If you are still reluctant to use niacinamide and vitamin C together, you can alternate usage, such as applying vitamin C during the day and niacinamide in the evening.

Or you can use a vitamin C derivative with niacinamide, which does not interact with niacinamide in the same way as pure ascorbic acid would.

Related Post: Can You Use Niacinamide with Retinol?

Niacinamide and Vitamin C Serums

Niacinamide and Vitamin C Serums from Paula's Choice, Niacinamide, The Ordinary and Neogen Dermalogy

Neogen Dermalogy Real Vita C Serum

2-in-1 Vitamin C (Derivative) + Niacinamide Serum

You don’t have to worry about mixing pure vitamin C and niacinamide with this serum since it contains a vitamin C derivative. This niacinamide and vitamin C derivative serum from Neogen Dermalogy combines two products in one.

Neogen Dermalogy Real Vita C Serum

Neogen Dermalogy Real Vita C Serum combines a 22% concentration of a vitamin C derivative and niacinamide to brighten skin tone and reduce the look of photodamage, hyperpigmentation, and dark spots.

The vitamin C derivative is sodium ascorbyl phosphate, a light and oxygen stable form of vitamin C.

This derivative offers similar benefits as pure vitamin C (ascorbic acid): it provides antioxidant protection, boosts collagen synthesis, brightens dull skin, and fades discoloration.

This study found that it can even prevent and treat acne without side effects.

The concentration of niacinamide is not disclosed, but niacinamide has the 5th highest concentration of all 31 ingredients.

As previously noted, niacinamide offers several benefits for the skin, including strengthening the skin barrier, balancing sebum production, improving skin firmness and elasticity, and brightening the skin.

Please note if you have sensitive skin, there are fragrance and citrus fruit extracts (lemon extract, lime extract, orange extract, grapefruit extract, and tangerine extract) in this serum, which are included to brighten and revitalize the skin.

Vitamin E and panthenol soothe and moisturize the skin. Sodium hyaluronate, the salt form of hyaluronic acid, hydrates and attracts moisture to the skin.

Paula’s Choice C15 Super Booster

Paula’s Choice C15 Super Booster

For a pure form of vitamin C, Paula’s Choice C15 Super Booster contains 15% ascorbic acid (pure vitamin C) and antioxidants vitamin E and ferulic acid to improve stability and boost the photoprotection effectiveness of vitamin C.

The serum also contains sodium hyaluronate to hydrate, glycerin to moisturize, and panthenol and bisabolol to soothe the skin. Hexanoyl dipeptide-3 norleucine acetate is a tripeptide that smoothes and hydrates the skin.

This serum has an ultralightweight consistency, almost that of water, so you can easily incorporate it into your skincare routine under or mixed in with other serums and moisturizers.

It works as a potent anti-ager to help reduce the look of wrinkles and fine lines, brighten dull skin and offer antioxidant protection.

Related Post: Can You Use Glycolic Acid and Vitamin C Together?

Paula’s Choice 10% Niacinamide Booster

Paula’s Choice 10% Niacinamide Booster

Another serum that contains niacinamide and a vitamin C derivative is Paula’s Choice 10% Niacinamide Booster.

This multi-tasking serum contains 10% niacinamide to brighten your complexion, improve the look of enlarged pores, skin texture, uneven skin tone, rough skin, redness, dryness, and fine lines.

The serum contains ascorbyl glucoside, a stable and effective vitamin C derivative that provides protective antioxidant benefits, fades dark spots, and increases collagen production.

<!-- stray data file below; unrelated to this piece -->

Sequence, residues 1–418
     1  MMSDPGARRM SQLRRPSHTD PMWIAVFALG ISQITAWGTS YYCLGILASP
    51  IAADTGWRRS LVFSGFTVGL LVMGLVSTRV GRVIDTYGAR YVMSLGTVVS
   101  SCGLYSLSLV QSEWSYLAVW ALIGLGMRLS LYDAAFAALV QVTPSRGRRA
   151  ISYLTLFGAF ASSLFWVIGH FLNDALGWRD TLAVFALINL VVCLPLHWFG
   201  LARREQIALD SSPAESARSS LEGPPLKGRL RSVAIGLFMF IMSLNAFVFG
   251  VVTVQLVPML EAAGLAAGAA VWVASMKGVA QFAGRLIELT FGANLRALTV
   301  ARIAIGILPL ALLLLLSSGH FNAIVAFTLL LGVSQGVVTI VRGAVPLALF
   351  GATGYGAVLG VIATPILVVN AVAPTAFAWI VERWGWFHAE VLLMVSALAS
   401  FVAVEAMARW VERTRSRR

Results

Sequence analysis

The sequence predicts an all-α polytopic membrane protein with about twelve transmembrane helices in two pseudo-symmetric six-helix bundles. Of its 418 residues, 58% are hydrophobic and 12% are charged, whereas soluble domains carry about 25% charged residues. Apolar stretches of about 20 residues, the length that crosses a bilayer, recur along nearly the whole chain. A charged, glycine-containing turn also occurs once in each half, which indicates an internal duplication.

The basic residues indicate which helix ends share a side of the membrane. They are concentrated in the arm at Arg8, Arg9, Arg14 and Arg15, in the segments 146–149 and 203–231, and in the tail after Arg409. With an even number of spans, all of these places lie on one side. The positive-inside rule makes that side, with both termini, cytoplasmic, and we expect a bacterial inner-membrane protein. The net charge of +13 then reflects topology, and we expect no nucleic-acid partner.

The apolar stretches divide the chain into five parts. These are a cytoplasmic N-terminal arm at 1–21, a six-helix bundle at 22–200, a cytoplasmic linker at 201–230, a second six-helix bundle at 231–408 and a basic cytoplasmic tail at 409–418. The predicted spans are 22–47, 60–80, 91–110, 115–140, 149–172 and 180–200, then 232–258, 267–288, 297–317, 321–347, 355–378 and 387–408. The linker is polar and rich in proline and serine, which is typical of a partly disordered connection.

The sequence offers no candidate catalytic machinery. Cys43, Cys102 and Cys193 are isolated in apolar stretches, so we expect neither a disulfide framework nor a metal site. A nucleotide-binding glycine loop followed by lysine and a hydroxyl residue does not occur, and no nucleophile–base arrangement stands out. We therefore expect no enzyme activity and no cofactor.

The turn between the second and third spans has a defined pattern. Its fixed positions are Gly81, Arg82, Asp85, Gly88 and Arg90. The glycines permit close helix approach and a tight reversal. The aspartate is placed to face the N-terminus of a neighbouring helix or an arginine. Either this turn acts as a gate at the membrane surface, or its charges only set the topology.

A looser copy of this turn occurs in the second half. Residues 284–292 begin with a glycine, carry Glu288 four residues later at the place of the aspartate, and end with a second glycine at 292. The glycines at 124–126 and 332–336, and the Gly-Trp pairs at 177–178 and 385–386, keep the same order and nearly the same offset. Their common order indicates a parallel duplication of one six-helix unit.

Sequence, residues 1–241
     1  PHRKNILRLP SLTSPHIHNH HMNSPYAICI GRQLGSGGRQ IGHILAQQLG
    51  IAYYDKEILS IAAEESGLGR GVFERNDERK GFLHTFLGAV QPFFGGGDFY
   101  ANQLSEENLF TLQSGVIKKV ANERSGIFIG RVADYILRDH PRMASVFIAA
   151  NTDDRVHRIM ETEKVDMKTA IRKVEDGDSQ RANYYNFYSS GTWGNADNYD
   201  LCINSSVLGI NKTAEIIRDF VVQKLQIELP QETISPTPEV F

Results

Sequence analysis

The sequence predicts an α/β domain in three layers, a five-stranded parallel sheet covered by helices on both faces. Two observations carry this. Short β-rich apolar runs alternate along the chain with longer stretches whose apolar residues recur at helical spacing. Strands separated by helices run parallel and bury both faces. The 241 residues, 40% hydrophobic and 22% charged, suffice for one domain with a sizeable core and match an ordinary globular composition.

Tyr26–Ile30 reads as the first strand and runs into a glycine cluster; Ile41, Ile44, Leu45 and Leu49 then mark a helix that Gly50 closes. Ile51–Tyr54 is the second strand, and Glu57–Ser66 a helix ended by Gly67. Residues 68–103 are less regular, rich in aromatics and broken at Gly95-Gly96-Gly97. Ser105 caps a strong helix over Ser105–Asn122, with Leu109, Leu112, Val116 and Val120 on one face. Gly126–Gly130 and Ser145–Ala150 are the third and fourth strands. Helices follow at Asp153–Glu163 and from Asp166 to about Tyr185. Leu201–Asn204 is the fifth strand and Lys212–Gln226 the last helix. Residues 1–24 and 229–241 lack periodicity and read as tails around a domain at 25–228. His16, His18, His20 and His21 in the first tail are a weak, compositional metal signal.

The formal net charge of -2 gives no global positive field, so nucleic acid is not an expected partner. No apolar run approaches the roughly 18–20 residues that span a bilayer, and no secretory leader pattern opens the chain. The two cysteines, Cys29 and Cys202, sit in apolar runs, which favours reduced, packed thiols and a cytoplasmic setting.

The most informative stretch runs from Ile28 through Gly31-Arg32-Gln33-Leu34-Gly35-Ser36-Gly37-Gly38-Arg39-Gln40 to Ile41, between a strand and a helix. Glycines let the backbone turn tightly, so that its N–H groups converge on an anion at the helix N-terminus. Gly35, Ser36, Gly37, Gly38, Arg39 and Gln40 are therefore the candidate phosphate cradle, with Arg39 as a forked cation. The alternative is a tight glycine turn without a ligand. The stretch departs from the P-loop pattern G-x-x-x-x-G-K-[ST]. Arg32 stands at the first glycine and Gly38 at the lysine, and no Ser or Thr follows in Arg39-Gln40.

The serum contains several other antioxidants like ubiquinone, epigallocatechin gallate, beta-glucan, carnosine and genistein.

Plants extracts include Glycyrrhiza glabra (licorice) root extract, which brightens and soothes the skin.

Glycerin and sodium hyaluronate hydrate and moisturize the skin. Panthenol (pro-vitamin B5) soothes and moisturizes the skin.

Like Paula Choice’s C15 Vitamin C Super Booster, this serum is featherlight and feels almost like water when applied to your skin.

This makes it the ideal serum for use during the day under makeup, sunscreen, and other skincare products.

The Inkey List Niacinamide Serum

The Inkey List Niacinamide Serum

The Inkey List Niacinamide Serum is a 10% niacinamide serum that combats excess oil, blemishes, and redness.

It also contains a 1% hyaluronic acid solution to hydrate and attract moisture to the skin. Glycerin and squalane moisturize the skin. Allantoin and panthenol soothe the skin.

A little thicker than some of the watery niacinamide serums, this serum does wonders for breakouts and redness. It also controls sebum production and supports a healthy skin barrier, all at a very affordable price.

The Ordinary Niacinamide 10% + Zinc 1%

The Ordinary Niacinamide 10% + Zinc 1%

The Ordinary Niacinamide 10% + Zinc 1% contains 10% niacinamide and 1% Zinc PCA (zinc salt of pyrrolidone carboxylic acid) to target blemishes and balance sebum production.

This best-selling niacinamide serum is affordable and effective at brightening the skin and fading hyperpigmentation and uneven skin tone.

This The Ordinary serum is a favorite of those with oily and acne prone skin. It helps reduce the look of acne and redness and controls oil, too.

Related Post: The Ordinary “B” Oil Review

Final Thoughts on Using Niacinamide with Vitamin C

Regardless of how you choose to use niacinamide and vitamin C, both actives are very effective for brightening dull skin and helping to reduce hyperpigmentation and dark spots.

They are also both effective anti-agers by targeting wrinkles and fine lines and improving skin firmness.

Concerns about using them at the same time are outdated and unfounded, so use them together to see double the anti-aging and brightening benefits!

Thanks for reading, and until next time, here’s to your good skin health!